Many applications allow their users to change the server settings that affect system security. By adjusting the security parameters of an application, the system administrator can increase the total security level of the system.
In most cases, increasing the security level with such methods inconveniences users, reducing the features of the system and complicating the implementation of certain features for system programmers. At the same time, an administrator who uses directives aimed at strengthening the system's security is deluded about how secure the system is.
As practice shows, most configuration directives of server software aimed at increasing security can be circumvented by attackers .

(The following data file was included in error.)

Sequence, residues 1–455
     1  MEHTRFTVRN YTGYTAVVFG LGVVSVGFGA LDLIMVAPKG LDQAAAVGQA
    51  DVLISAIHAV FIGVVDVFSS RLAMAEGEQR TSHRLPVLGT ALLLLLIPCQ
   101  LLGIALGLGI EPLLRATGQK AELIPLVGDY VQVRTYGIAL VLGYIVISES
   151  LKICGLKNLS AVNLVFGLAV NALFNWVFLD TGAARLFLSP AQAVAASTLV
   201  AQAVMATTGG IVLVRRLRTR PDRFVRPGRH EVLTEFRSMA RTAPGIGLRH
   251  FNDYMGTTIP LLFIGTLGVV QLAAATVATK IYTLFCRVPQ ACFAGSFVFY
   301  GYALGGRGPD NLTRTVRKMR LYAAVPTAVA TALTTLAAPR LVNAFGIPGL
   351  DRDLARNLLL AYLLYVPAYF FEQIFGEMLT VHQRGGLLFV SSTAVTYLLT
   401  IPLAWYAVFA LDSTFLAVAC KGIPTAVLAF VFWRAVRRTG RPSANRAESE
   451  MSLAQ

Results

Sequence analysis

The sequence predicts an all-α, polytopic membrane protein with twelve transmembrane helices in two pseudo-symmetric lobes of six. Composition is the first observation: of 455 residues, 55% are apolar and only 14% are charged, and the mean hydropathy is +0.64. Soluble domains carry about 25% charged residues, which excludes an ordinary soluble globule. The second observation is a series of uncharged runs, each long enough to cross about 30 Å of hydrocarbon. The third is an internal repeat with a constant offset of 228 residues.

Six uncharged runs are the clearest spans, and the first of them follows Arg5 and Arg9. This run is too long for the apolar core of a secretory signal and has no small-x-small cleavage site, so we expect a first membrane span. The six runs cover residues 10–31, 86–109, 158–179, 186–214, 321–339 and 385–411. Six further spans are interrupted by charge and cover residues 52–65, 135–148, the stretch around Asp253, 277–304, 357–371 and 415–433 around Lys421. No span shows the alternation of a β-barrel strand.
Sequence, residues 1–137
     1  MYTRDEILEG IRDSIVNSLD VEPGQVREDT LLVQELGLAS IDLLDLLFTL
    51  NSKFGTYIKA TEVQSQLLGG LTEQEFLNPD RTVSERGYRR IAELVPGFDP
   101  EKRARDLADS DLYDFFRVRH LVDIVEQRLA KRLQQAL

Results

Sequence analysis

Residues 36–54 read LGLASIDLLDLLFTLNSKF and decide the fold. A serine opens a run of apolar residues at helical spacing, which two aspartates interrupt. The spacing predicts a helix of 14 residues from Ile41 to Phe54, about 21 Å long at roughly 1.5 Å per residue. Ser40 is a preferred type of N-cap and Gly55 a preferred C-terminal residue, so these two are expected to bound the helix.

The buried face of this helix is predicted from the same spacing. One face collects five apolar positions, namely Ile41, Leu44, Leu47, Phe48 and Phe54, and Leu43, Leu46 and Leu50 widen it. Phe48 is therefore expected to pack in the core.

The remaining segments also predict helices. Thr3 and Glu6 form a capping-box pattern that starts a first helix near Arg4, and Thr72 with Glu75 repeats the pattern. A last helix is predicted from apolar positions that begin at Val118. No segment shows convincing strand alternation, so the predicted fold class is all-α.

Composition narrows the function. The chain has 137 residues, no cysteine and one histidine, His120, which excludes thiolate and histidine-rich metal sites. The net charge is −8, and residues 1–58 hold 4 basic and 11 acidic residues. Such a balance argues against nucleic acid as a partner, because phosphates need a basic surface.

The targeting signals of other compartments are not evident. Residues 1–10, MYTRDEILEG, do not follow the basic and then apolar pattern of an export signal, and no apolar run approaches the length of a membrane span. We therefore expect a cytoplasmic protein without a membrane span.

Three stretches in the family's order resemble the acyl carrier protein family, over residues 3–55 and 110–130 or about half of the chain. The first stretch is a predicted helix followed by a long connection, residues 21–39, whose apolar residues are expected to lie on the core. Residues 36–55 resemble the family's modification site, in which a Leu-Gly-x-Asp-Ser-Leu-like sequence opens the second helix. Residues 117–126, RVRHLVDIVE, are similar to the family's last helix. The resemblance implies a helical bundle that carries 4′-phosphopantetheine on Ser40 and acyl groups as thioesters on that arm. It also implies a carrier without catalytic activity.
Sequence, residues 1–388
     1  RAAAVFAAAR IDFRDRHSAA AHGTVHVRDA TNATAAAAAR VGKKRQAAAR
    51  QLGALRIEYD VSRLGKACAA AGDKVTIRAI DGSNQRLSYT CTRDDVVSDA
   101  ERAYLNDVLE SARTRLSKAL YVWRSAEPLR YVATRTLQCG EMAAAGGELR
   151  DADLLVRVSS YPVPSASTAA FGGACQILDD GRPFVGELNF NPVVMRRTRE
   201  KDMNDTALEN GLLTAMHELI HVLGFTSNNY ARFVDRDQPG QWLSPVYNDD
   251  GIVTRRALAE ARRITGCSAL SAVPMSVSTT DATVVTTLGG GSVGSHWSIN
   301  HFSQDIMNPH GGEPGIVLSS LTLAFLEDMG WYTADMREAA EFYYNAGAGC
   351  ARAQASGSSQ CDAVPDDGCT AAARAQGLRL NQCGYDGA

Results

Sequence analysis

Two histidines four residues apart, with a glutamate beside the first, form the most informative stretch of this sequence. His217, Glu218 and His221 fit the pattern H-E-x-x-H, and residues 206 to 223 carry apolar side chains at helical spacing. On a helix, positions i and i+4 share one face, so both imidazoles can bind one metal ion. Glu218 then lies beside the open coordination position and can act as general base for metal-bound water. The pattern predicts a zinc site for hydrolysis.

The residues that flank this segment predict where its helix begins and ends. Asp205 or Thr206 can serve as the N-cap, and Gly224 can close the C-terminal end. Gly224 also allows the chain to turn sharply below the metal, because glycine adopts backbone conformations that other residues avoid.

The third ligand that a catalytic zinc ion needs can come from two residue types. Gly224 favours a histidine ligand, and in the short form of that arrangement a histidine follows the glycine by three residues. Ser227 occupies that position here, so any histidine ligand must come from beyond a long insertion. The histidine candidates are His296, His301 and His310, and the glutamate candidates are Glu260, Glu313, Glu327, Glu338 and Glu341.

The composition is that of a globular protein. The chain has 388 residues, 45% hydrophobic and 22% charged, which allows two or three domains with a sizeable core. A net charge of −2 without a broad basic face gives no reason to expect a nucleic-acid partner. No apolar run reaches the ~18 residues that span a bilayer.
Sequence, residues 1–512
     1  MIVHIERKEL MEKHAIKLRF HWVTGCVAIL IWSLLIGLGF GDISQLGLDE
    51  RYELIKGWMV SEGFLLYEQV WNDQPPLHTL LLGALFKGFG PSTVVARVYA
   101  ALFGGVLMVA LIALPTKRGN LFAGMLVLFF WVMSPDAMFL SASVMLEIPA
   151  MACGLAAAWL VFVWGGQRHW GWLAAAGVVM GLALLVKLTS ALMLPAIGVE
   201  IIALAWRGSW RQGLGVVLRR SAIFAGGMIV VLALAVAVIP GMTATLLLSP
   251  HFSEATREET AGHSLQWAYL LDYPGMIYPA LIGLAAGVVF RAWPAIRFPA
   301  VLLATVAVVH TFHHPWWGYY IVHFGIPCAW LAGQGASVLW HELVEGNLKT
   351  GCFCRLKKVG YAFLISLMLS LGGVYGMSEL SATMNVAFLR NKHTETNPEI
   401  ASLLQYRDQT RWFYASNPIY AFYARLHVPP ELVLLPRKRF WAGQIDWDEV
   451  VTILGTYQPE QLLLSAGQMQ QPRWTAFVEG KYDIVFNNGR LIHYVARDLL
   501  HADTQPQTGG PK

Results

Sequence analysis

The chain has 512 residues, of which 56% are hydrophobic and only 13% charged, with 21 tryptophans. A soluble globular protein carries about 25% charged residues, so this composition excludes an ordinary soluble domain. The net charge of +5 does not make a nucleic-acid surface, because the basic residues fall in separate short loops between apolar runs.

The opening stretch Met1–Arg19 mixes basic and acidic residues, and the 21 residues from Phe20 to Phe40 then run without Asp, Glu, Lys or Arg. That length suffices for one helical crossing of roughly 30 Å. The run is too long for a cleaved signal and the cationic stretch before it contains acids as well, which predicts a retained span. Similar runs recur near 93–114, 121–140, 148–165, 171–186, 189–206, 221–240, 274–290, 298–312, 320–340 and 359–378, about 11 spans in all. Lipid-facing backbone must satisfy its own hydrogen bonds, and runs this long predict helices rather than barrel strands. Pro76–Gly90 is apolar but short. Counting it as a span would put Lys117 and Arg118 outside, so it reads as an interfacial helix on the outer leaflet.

When a Web application programmer uses a correct approach to development from the point of view of security, he or she can achieve similar results. However, the programmer has more opportunities to control the security of a Web application without making it inconvenient for users or making it too complicated.
In some cases, the opposite situation takes place. Some settings of server software make the system convenient for the programmer but strongly decrease the system's security. In addition, applications created with an assumption that certain settings are enabled cannot be ported to systems that lack these settings.
Nevertheless, well-designed Web applications can work in any system without losing security or functionality.